Archive Tag:arbitrary language systems

Drabble 3 – Grammatolatry


love language.

That might have come across somewhat in my last drabble, “Sonder.” I find language fascinating, in part because it’s continuously changing. I love slang and vernacular and punctuation not because they’re hard and fast rules, but because a simple change (the way that this seNTENCE SUDDENLY SHIFTING INTO CAPITALS has the connotation of rising enthusiasm, for instance) can mean a change in tone without us ever being taught that in school.

Language is at its most interesting when it’s evolving. While I wouldn’t say I worship language, I do have a fascination with it–hence this week’s drabble, “Grammatolatry.”

Drabble 2 – “Sonder”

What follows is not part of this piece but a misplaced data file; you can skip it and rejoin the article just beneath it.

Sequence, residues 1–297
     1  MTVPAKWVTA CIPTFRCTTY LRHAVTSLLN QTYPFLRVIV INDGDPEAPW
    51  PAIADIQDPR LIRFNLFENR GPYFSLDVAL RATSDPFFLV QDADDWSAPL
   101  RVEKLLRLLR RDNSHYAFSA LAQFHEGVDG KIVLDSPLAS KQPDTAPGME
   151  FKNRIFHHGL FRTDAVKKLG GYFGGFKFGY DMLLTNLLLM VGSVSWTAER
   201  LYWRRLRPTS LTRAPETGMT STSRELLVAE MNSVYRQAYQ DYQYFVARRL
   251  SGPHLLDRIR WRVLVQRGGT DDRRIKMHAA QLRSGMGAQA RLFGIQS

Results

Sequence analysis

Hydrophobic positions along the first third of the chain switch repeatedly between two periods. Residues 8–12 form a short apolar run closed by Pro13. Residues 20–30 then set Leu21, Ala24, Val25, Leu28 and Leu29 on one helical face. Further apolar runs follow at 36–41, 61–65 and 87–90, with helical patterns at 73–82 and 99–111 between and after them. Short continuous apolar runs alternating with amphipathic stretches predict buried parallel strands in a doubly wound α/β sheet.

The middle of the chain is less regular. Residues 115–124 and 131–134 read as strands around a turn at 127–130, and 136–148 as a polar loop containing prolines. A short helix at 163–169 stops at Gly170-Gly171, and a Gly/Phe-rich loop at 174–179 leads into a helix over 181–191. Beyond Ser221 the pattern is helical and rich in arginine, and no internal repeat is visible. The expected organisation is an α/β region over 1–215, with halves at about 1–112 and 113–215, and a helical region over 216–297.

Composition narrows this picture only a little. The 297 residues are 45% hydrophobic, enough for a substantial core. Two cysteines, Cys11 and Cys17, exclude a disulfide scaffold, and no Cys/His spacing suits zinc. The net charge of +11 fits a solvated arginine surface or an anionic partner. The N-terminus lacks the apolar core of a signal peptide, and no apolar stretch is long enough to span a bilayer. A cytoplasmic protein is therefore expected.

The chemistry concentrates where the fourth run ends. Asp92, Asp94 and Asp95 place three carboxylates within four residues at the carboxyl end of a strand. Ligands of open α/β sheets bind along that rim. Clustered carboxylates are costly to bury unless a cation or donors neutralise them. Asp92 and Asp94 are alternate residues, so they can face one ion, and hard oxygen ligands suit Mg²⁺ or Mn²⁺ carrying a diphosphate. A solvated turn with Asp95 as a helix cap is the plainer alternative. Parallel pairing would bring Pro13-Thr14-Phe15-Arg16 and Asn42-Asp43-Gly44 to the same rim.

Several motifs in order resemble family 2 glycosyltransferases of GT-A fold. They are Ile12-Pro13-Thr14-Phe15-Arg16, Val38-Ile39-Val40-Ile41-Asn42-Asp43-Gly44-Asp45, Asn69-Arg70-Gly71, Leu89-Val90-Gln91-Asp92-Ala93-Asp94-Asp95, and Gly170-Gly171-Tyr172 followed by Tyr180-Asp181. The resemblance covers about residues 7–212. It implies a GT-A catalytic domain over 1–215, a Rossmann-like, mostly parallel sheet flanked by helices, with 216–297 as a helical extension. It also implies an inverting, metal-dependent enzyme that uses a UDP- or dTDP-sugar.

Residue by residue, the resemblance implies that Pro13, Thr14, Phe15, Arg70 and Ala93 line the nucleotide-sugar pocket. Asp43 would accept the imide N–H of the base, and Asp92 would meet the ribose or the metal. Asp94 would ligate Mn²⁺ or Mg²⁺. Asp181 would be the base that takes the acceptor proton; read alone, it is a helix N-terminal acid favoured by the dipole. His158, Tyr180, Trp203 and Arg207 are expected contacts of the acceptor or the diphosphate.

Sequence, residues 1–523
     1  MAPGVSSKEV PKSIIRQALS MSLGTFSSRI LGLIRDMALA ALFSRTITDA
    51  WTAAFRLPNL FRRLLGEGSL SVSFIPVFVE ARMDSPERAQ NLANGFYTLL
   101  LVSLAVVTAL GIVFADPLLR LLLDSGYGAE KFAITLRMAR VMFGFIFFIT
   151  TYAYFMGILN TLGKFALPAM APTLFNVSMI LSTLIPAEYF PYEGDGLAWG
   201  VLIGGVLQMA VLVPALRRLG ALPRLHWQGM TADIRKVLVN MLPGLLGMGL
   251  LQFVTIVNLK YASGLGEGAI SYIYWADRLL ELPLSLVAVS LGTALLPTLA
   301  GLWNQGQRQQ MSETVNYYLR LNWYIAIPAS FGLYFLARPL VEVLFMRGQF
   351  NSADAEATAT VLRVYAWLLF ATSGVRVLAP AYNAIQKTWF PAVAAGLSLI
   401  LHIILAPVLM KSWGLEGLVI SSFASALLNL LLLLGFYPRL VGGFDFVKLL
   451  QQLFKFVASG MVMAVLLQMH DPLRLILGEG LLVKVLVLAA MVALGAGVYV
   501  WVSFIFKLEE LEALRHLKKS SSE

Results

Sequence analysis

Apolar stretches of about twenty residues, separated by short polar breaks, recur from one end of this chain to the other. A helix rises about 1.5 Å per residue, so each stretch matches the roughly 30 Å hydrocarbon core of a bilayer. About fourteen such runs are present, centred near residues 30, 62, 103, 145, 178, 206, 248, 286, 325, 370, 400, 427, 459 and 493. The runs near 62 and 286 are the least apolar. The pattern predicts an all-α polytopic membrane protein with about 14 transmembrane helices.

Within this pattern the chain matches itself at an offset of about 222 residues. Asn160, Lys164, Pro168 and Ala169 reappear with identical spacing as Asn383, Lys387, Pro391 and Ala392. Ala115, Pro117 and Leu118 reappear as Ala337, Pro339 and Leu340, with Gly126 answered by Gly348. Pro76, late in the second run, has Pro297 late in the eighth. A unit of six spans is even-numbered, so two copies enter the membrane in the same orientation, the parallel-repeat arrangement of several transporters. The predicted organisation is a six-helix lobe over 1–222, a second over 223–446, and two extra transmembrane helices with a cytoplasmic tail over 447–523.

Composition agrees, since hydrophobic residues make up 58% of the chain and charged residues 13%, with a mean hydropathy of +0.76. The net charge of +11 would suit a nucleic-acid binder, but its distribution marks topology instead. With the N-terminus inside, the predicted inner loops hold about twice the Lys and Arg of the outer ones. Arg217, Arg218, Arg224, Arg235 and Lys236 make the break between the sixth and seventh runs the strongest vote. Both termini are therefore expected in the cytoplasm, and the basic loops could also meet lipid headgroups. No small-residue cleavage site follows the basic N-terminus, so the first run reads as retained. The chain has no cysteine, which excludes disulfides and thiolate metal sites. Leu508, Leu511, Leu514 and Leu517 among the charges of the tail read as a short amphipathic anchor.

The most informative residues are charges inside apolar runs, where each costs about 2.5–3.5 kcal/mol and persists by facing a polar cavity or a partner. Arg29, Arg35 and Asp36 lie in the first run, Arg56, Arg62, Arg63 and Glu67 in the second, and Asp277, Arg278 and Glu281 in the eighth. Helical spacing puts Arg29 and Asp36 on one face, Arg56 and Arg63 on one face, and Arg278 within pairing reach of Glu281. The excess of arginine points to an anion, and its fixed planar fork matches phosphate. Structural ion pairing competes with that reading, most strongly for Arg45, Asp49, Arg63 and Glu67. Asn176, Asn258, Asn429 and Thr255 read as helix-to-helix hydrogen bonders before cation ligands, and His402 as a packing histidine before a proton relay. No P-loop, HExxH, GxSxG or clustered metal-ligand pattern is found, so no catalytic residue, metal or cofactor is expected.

Image Source: Warren Antiola via Flickr

This word is a bit different. It’s not a “real word” (a topic worthy of its own blog post)—it was created by The Dictionary of Obscure Sorrows, a blog of invented words by John Koenig. Like any word, It’s begun to take on a life of its own; it’s been added to UrbanDictionary and passed around other internet sources as a “real word,” lending it some legitimacy. As The Dictionary of Obscure Sorrows aims to create words for feelings we feel but don’t have words for, and, because a word is nothing but a string of arbitrary letters with meaning attached (you can read more about what a “real word” is in relation to “sonder” here), it has arguably succeeded.

But anyway, a drabble.